Now for the advocates. Google and Microsoft are both part of the Wireless Innovation Alliance, a support group for the FCC’s initiative which also includes Dell and the New America Foundation. Google stands to benefit significantly if more people start using its services to browse the web over sprawling, free WiFi networks, or make phone and video calls calls via free services Google Voice or Google Hangouts.
Google has said publicly that mass, free WiFi would spark an explosion in innovation. Of course it would also lead to a bigger financial opportunity for selling ads, both through search or in other innovative ways. Just imagine what faster, nationwide WiFi could mean for live broadcasts online, via Google Hangouts, which could include nationwide ads that are “televised” over that the Internet to tablets and smartphones.
Then there’s Google’s self-driving car project. The Post reported that “the new WiFi networks would also have much farther reach, allowing for a driverless car to communicate with another vehicle a mile away.” This is conjecture, but if Google has been in talks with the U.S. government about developing the network infrastructure for self-driving cars on U.S. roads, free, nationwide WiFi would boost such a project.
Despite their lobbying efforts, carriers will be particularly unnerved by Google. The planet’s largest Internet company has a loud voice in Washington, D.C., and it has already been conducting experiments with Google Fiber in Kansas City to provide broadband and WiFi coverage that is faster than that of traditional carriers. The endgame sees Google and other Internet companies gradually pushing traditional carriers out of their coveted role in mobile telecommunications. A big key to unlock that is the prevalence of free WiFi.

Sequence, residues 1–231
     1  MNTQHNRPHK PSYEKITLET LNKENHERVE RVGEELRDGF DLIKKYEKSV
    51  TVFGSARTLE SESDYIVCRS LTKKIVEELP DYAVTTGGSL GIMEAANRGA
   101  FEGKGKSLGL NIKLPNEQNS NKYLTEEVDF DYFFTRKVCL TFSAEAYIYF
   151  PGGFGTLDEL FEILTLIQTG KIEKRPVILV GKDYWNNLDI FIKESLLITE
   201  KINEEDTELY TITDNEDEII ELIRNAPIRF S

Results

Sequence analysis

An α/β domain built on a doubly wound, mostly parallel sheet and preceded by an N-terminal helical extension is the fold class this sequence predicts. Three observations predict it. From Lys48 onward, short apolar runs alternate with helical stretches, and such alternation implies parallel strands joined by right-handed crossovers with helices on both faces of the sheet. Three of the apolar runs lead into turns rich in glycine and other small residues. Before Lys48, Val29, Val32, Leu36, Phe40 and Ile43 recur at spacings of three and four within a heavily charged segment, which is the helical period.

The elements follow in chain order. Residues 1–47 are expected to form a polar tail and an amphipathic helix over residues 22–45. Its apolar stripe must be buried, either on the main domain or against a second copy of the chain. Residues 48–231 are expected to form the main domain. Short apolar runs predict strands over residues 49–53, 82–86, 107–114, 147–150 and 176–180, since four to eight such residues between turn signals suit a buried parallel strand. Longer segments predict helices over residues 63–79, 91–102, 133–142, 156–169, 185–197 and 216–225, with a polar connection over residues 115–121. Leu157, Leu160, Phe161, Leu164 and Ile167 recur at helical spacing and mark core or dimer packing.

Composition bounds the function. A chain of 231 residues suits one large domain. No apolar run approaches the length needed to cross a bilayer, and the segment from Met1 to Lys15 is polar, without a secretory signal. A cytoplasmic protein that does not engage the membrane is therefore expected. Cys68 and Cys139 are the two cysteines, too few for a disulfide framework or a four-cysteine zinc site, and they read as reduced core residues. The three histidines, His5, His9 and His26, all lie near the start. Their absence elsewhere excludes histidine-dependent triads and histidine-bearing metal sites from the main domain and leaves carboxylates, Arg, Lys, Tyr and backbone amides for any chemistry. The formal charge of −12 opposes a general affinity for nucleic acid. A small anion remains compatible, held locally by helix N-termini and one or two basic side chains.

“Carriers have a super important role, but WiFi has a super important role that’s growing,” said David Morken, CEO of Republic Wireless, a company selling smartphones that natively make calls over WiFi (when it’s available) before switching to the Sprint network when it is not. “We shouldn’t have to spend the outrageous amounts we have to spend today, and we shouldn’t be limited in the user experience that we’re limited to. Let’s all be honest, we have WiFi most of the time.” If the FCC’s plan goes ahead, we’d have it all the time.
There are reasons to be skeptical. The FCC ’s proposal is not new, and has been running the political gauntlet since around 2004, and the federal agency has not released practical details of its proposal. Dan Frommer of SplatF says the news is more in the realm of “science fiction,” and Dylan Tweney of The Verge points out that the logistics of a nationwide WiFi would be a massive undertaking:
This idea also has an enormous logistical barrier to overcome. Municipal Wi-Fi projects, which aim to blanket entire cities in wireless signals, have often foundered on the complexities of deploying usable signals across just a few square miles. As anyone who has attended a tech conference knows, it’s possible — but surprisingly rare — for a well-managed Wi-Fi network to serve just a few hundred people. Expand the pool to a few million or a hundreds of millions and you may face technical challenges that have not even been imagined yet.
Reported from Forbes